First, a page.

Book Review Fiat G.55 Centauro

Fiat G.55 Centauro

Series:  Kagero in Combat Number 6

By Eduardo Manuel Gil Martínez

Softcover, 84 pages, bibliography, drawings, and color profiles

Published by Kagero, March 2021

Language: English

ISBN-10: ‎ 83-66673-25-1

ISBN-13: ‎ 978-83-66673-25-0

Dimensions: ‎ 8.2 x 0.3 x 11.6 inches

The Fiat G.55 Centauro (Centaur) was an Italian fighter built around the Daimler-Benz DB 605 engine.  It was arguably the best Italian fighter of the Second World War, and evaluations conducted by the Luftwaffe found it superior to the Bf 109 and Fw 190 then in service.  It was even considered for mass production in Germany, but it was estimated to take three times the man-hours to produce than the comparable Luftwaffe types.  It first flew in 1943, but due to the chaotic war situation in Italy it was only produced in small numbers and those that did enter service fought with the fascist Aeronautica Nazionale Republicana (ANR).  After the war production resumed for the Italian Air Force as well as exports to Argentina and Syria.

There are few modeling references available on the Centauro, so this recent work is appreciated.  The text covers the development and operational history of the type.  The book is well illustrated with black and white photos and/or technical drawings on every page.  There are beautiful color profiles of six different aircraft, two of which include multiple views.  There are also eight pages of line drawings, seven of which are nominally rendered in 1/48 scale.  There is also a print of the cover artwork inserted loose which is suitable for framing.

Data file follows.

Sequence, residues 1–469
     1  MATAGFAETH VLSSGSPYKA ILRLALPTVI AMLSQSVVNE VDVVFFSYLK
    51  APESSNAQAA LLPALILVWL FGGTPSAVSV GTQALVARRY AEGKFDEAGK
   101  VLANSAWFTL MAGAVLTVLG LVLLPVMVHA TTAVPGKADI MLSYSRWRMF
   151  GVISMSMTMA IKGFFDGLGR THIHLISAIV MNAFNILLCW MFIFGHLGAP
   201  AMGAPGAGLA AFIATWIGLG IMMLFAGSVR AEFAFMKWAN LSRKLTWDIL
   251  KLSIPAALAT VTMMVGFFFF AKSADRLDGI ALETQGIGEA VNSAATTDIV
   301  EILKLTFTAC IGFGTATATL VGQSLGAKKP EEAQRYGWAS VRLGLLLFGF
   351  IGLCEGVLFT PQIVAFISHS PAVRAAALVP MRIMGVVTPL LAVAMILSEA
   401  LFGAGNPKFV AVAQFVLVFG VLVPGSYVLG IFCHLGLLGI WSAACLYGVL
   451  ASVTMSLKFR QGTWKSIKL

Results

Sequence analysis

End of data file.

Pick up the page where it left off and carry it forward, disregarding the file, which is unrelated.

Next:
On the down side, the translation could have used one more edit from a native English speaker familiar with aviation terminology.  The text is still comprehensible but just doesn’t flow well.  Of more relevance to modelers, the scale drawings are not reproduced to scale, the editors have chosen to expand the drawings to fit the page.  This results in the drawings being slightly overscale and prevents them from being used directly by modelers, but being close in scale constitutes a trap for the unwary.  In the photo below I have posed a 1/72 scale Sword fuselage half (which is the correct size) on the page for comparison, the same error is present on the 1/48 scale drawings. There are volumes in the Osprey aviation series and Anatomy of the Ship which share this error so it is always prudent to check the scale on drawings regardless of the source.  An odd omission is the drawings do not cover the torpedo bomber variant which is popular with modelers.

Despite the problems there are few good references available on the G.55, and I feel the positives of this work outweigh the negatives.  Recommended, just correct the size of the drawings before they get to the bench!


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